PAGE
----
Children who have seen bunnies frolic in their backyards, scamper across the lawn of a park, or roam in fields in their imaginations will find Hurley’s latest charming and informative in equal measure.
Using the formula she established in Nest (2014), Hurley explores the worlds of rabbits—cottontails in particular. In this narrative, the one-word lines read as if they are instructions given by a mother to her kits. Each spread depicts a different scenario, each with its own tone and, in a couple of cases, tension. Matte colors applied digitally saturate the pages, most often in lush greens. As the members of a rabbit family emerge from their nest under a tree, they “hop,” “listen,” and “nibble.” In a stark white double-page spread, a hawk appears high above the family on the ground, making the rabbits "freeze." Danger appears again in the form of a fox. The word on this spread, "warn," will force youngsters to look closely to see the mother rabbit thumping her foot. If it’s too subtle, an author's note provides more information about this form of communication along with other details about habits and habitat. The rabbits "run," and the book ends on a satisfying note with a "snuggle" before "sleep."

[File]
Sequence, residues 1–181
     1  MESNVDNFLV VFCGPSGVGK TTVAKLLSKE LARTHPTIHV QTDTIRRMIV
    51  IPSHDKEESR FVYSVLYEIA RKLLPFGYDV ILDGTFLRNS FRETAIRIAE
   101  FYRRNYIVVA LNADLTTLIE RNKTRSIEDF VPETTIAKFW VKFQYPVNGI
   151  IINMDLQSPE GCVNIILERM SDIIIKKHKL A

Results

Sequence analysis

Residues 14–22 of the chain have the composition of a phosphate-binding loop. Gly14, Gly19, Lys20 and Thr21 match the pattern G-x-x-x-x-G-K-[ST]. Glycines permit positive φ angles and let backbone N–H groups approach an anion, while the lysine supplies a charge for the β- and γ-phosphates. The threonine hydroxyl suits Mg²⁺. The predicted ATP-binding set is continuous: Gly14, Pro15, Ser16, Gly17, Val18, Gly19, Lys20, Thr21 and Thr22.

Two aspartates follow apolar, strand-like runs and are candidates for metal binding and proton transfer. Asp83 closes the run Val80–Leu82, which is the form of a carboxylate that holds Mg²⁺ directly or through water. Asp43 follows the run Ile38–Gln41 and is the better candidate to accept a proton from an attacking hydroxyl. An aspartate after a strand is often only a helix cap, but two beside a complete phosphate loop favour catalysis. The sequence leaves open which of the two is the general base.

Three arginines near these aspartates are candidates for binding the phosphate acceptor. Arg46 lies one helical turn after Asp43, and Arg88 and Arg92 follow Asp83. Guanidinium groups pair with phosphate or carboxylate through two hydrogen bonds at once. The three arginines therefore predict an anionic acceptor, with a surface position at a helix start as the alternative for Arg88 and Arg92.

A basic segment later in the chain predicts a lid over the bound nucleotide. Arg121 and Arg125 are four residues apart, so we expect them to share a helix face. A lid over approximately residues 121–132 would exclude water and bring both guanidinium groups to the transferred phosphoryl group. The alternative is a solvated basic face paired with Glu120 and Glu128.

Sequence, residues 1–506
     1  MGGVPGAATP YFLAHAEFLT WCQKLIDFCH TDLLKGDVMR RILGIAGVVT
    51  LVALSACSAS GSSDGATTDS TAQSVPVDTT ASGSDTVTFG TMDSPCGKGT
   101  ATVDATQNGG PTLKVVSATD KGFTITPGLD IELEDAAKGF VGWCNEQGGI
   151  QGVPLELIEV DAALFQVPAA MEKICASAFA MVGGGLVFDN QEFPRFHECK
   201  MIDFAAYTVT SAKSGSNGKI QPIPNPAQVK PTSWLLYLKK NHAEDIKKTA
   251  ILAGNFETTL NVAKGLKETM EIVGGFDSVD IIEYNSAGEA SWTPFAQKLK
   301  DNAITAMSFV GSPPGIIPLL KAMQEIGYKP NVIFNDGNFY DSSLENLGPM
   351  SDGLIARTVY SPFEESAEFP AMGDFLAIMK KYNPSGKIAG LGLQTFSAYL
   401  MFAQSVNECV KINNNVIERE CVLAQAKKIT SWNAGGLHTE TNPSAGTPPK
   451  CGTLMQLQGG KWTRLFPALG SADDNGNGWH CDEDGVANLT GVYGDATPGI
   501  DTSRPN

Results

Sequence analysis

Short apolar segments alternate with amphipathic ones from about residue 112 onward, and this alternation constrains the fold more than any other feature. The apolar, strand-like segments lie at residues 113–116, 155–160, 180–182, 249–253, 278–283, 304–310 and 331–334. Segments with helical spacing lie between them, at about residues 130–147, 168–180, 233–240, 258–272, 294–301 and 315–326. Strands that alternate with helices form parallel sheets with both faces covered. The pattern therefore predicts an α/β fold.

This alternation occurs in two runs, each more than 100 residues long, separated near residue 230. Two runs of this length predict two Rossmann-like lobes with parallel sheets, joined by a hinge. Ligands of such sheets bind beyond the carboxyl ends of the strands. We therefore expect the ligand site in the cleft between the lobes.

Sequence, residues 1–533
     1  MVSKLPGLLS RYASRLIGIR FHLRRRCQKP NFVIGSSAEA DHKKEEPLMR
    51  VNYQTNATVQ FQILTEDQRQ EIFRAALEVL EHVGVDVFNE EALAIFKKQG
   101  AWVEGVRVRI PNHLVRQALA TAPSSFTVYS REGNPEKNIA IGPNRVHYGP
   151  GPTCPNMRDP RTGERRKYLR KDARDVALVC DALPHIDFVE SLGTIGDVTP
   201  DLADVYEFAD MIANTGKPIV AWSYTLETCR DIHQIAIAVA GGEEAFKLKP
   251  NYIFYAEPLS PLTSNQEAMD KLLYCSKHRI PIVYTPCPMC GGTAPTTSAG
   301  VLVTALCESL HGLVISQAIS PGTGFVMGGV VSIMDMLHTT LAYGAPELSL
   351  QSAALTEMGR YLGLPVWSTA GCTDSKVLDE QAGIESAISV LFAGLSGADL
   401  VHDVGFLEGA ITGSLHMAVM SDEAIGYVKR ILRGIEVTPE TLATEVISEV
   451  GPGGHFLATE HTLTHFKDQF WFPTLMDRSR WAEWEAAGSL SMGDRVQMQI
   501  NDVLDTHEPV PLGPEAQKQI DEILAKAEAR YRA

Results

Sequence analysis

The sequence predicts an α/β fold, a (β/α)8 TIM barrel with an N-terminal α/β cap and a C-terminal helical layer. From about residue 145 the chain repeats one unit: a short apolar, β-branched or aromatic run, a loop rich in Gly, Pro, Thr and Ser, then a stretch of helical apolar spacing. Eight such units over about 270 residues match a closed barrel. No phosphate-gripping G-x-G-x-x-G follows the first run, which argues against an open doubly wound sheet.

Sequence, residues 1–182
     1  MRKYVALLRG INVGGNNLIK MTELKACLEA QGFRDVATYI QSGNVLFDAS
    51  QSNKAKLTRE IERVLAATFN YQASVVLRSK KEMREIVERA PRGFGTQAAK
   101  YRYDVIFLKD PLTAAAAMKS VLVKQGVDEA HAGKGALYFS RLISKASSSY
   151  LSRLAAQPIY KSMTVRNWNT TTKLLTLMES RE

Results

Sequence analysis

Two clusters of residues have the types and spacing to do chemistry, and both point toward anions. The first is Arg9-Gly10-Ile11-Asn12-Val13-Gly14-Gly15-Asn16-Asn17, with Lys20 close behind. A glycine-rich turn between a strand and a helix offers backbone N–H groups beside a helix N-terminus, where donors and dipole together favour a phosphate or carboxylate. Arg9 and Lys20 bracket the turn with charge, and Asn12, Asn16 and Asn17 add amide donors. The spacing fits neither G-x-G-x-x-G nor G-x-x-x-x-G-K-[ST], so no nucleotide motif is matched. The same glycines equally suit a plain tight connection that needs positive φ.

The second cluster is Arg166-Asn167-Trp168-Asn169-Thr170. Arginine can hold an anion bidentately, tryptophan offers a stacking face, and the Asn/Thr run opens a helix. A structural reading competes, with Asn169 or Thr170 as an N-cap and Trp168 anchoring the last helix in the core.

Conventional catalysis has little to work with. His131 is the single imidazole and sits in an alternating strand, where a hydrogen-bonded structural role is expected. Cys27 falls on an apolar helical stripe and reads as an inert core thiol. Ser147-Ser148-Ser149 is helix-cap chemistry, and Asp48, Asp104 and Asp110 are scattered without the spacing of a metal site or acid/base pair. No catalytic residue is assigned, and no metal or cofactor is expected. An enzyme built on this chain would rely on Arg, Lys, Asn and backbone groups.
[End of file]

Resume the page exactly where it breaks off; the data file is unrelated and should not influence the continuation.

Minimal text yields maximum effect in this book of nonfiction for the very youngest children. (Informational picture book. 2-5)